Friendly training sign-in sheets document that training is offered on campus for the campus community

and the other two Colleges of Technology. All programs/trainings are available to any staff, faculty or

student at the three campuses.

All UAM employees must follow all institutional polices regarding communicating with media, initiation

of contracts with external organizations, receipt of gifts or funds, and management of grant funding.



ND 0 1 2 3 4 5

Does Not Apply Insufficient Evidence/ Unable to Rate Does Not Meet Partly Meets Meets Exceeds Exemplary

Criterion Measures Rating

9.1 The Counseling Service (CS) has adequate funding to accomplish its mission and goals 5 9.2 The CS demonstrates fiscal responsibility, responsible stewardship, and cost-effectiveness consistent with institutional protocols 5 9.3 An analysis of expenditures, external and internal resources, and impact on the campus community is completed before

9.3.1 establishing funding priorities 5 9.3.2 making significant changes 5

Part 9. Financial Resources Overview Questions


What is the funding strategy for the program?

Counseling Services funding comes from Testing/Career Services operating budgets. These budgets are

used to provide materials, supplies needed to operate the office, purchase computers, equipment, any

expenses for programing or educational materials, provide funding for payroll used for student workers,

graduate assistant and staff.

In order to supplement the budget the SA staff is encouraged to seek out grants or funding that might

be available. UAM is a member of Arkansas Collegiate Drug and Education Committee. SA’s has a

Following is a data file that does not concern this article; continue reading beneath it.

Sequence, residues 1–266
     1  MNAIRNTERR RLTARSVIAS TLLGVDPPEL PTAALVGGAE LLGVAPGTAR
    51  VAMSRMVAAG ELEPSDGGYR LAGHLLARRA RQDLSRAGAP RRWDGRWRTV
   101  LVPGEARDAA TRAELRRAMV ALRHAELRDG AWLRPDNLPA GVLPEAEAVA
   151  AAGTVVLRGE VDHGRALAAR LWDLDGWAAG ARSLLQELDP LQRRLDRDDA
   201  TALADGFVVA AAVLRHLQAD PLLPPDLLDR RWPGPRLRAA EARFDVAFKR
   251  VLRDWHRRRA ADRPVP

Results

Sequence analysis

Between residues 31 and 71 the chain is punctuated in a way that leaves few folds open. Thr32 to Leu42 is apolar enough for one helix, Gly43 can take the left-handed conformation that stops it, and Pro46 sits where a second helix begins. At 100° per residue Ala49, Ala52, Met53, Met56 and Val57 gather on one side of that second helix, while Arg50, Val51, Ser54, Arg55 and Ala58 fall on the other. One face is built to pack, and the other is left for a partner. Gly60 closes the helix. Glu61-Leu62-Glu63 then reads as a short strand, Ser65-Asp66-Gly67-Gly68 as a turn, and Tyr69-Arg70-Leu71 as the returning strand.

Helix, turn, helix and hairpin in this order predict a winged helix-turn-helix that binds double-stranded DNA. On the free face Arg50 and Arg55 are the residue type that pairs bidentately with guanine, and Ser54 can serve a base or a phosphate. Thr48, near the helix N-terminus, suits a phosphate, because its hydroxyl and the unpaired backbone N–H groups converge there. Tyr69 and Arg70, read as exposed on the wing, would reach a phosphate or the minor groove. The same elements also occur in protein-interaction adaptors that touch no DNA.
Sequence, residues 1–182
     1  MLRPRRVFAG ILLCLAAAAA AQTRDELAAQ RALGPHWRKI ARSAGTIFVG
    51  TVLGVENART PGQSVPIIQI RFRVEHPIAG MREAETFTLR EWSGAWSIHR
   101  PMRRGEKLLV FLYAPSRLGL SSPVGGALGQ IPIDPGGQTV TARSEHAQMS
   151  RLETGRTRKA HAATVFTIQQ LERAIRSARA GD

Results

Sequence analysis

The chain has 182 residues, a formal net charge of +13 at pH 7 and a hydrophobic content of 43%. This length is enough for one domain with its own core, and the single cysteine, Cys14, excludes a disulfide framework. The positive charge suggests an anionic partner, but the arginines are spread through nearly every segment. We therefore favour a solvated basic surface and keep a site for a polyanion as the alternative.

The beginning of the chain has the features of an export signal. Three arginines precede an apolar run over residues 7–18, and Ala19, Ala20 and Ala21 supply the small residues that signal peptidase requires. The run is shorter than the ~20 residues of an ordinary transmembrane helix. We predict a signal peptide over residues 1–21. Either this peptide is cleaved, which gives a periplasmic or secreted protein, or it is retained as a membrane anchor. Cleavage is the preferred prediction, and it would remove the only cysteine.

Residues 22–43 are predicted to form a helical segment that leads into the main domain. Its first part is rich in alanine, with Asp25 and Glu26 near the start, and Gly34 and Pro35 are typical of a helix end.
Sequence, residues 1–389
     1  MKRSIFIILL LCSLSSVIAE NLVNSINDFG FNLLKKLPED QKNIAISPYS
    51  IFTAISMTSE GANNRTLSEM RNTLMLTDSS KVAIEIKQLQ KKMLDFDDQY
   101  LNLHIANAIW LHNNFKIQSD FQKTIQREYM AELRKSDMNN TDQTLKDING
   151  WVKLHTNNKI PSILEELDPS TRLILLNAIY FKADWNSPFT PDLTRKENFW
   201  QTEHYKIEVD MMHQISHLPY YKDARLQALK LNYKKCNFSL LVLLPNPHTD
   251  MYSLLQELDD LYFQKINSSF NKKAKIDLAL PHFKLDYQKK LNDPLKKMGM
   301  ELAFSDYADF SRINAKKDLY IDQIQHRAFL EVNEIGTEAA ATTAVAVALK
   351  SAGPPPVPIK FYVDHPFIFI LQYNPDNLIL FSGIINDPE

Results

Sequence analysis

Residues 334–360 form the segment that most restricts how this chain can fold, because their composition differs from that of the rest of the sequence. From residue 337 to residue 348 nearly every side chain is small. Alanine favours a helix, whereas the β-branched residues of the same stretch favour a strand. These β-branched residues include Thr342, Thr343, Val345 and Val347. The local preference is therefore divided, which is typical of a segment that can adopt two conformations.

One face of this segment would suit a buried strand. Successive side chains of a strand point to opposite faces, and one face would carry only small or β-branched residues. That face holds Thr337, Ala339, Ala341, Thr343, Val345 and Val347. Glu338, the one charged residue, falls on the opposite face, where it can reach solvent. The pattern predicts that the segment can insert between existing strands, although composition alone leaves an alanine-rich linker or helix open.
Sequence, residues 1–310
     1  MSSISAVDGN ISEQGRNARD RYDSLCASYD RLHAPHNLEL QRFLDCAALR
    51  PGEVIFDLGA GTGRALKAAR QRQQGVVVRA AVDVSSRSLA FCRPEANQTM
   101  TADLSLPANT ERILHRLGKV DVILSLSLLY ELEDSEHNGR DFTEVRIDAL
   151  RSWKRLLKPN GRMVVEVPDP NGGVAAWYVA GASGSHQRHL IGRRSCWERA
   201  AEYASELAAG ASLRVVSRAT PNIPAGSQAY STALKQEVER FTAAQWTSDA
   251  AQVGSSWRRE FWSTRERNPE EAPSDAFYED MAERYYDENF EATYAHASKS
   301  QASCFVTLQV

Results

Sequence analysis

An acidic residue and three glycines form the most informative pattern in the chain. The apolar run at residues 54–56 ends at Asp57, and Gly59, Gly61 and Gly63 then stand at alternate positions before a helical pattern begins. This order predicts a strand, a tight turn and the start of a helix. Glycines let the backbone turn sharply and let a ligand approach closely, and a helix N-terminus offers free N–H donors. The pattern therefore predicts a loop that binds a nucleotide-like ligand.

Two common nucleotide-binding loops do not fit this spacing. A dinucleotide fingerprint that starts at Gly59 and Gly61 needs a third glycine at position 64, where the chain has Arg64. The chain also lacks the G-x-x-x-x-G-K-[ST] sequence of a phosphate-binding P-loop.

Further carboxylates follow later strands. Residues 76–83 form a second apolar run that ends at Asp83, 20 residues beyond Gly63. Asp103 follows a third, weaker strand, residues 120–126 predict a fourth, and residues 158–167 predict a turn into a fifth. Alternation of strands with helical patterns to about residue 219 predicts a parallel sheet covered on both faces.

representative that attends regular monthly meetings. UAM takes full advantage of the grants offered

by this organization each fall and spring semester.

In this fiscal year a new computer has been purchased to replace an outdated computer in the office.


What evidence exists to confirm fiscal responsibility, responsible stewardship, and cost-effectiveness?

The budgets are set annually by the UAM Executive Council after budgets hearings at which department

heads are given the opportunity to provide analysis of budget statuses and make requests for

reallocations, one time purchases and reoccurring increases.

A history of efficient services with no crises in the budget is evidence of appropriate planning and


Reconciled Procurement Card logs, reports and forms each month confirm compliance with state


UAM formed the Cost Containment Committee (CCC) to suggest ways that the university might save

money. CCC encourages each department to look at ways that they might reduce the costs associated

with their area.



ND 0 1 2 3 4 5

Does Not Apply Insufficient Evidence/ Unable to Rate Does Not Meet Partly Meets Meets Exceeds Exemplary

Criterion Measures Rating